Armstrong on hot seat as time trial looms

TOULOUSE, FRANCE — TOULOUSE, France - Time for Lance Armstrong to turn up the heat in his quest for a fifth straight Tour de France, except that it's hard to imagine how much hotter things could get.

The next four days could decide the race, starting with today's 29.2-mile individual time trial that ends in a former coal mine converted into a space theme park. Then the riders rocket into the Pyrenees.


It appears there will be no relief from the searing, relentless conditions that have prevailed for weeks in one of Europe's worst heat waves in decades. The accompanying drought "doesn't happen more than three to five times a century," French weather service director Pierre Bessemoulin told the Le Figaro newspaper this week.

By the time Armstrong glides down the start ramp in Gaillac, north of Toulouse, temperatures could be in the vicinity of 100 degrees. Whether he will be feeling the warm breath of his rivals on his neck on a day when he has said he wants to have the performance of his life is another matter.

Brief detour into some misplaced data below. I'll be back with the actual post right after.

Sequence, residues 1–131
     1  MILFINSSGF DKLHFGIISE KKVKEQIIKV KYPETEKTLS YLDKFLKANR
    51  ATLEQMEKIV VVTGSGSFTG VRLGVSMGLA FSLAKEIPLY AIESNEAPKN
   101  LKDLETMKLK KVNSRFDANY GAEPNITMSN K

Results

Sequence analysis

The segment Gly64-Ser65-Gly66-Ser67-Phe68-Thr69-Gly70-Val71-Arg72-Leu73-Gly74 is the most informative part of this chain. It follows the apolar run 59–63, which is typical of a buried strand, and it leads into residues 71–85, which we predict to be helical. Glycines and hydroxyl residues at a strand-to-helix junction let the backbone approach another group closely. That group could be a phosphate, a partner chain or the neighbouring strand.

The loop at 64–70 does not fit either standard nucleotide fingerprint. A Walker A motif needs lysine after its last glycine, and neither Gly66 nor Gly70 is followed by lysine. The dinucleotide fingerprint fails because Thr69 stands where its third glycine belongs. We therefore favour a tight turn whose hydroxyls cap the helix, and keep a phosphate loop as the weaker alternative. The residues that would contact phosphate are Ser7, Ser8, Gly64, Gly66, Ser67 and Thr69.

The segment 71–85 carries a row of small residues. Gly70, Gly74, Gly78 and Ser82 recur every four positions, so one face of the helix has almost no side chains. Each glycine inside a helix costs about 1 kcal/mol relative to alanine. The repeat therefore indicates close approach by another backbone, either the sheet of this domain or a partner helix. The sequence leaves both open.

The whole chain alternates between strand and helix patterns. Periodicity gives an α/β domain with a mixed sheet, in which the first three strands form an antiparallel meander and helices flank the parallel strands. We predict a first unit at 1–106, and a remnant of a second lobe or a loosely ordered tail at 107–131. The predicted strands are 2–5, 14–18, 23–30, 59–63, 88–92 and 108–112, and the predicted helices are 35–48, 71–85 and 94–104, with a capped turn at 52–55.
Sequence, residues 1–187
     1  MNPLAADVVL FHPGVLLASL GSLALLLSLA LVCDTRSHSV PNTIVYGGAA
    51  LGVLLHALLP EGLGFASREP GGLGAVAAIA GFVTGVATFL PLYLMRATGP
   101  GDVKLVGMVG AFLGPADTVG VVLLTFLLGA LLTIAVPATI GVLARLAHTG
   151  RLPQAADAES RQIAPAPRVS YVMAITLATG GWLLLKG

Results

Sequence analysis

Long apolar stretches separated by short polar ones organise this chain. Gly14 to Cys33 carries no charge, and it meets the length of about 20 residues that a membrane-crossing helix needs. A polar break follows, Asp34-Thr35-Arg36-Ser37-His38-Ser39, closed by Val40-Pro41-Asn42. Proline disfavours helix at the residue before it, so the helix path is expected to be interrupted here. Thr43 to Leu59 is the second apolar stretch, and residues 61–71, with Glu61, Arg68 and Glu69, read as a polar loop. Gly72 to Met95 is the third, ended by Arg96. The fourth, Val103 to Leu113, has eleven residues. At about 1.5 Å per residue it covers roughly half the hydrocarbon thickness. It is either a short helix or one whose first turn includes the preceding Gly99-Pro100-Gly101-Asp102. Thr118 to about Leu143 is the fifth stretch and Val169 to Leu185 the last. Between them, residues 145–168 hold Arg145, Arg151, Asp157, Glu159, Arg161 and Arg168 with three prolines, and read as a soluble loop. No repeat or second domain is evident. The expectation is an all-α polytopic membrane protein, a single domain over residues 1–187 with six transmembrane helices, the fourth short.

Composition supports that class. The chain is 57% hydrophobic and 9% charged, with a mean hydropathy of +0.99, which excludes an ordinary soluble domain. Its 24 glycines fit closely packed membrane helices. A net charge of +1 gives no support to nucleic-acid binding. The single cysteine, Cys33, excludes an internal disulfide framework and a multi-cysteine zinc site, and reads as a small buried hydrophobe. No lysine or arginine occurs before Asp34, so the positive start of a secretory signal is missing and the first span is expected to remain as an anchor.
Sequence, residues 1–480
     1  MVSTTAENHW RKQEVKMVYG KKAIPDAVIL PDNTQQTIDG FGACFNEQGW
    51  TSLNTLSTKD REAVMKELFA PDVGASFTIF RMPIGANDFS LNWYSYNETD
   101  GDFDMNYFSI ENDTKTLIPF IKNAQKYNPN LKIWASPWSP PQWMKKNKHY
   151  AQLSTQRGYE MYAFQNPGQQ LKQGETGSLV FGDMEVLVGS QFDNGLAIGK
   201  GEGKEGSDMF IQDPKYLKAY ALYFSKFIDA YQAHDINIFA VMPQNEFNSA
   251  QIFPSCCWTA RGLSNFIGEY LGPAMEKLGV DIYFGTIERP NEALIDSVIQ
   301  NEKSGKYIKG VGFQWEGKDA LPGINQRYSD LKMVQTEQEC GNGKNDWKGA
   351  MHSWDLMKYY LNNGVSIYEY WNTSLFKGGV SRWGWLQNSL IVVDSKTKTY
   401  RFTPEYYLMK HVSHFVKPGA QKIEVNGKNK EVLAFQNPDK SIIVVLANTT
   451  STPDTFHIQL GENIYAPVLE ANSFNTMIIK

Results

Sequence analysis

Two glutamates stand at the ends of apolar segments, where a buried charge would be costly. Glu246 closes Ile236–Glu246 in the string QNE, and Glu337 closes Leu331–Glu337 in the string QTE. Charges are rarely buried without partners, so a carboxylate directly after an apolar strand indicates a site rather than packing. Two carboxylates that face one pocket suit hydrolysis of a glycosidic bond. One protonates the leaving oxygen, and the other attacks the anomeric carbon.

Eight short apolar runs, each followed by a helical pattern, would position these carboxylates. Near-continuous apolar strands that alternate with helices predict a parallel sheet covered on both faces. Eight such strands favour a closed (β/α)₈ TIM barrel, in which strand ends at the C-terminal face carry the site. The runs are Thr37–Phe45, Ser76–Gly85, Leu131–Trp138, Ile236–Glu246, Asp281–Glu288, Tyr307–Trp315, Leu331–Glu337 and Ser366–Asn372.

In the past, Armstrong has used the race against the stopwatch and the climbs along the spiny border between France and Spain to seal the race. This year, the template has changed a little. The first time trial is slightly later than usual, and Armstrong is already in the lead, albeit by a slim-sounding 21-second advantage over Telekom's Alexandre Vinokourov.

"If you looked at the Tours before, almost every time he went into the first time trial, he had no advantage - he was behind," U.S. Postal Service team director Johan Bruyneel said yesterday on the eve of the critical stretch. "So I think it's better than before.

"In the past, the first time trial came early and it was always where the first [tactical] decision was made. So I hope we can do the same [today]."

Several of the men who could have hoped to stay within striking distance of Armstrong in the time trial either have fallen out of the race or fallen away.

They include Spain's Joseba Beloki, who is recovering from surgery on his broken leg, and Colombian Santiago Botero, who has plummeted somewhat inexplicably from being a pre-race favorite to lagging in 64th place, more than 50 minutes behind.

Vinokourov is not particularly strong in time trials and is expected to lose a minute or more to Armstrong today.

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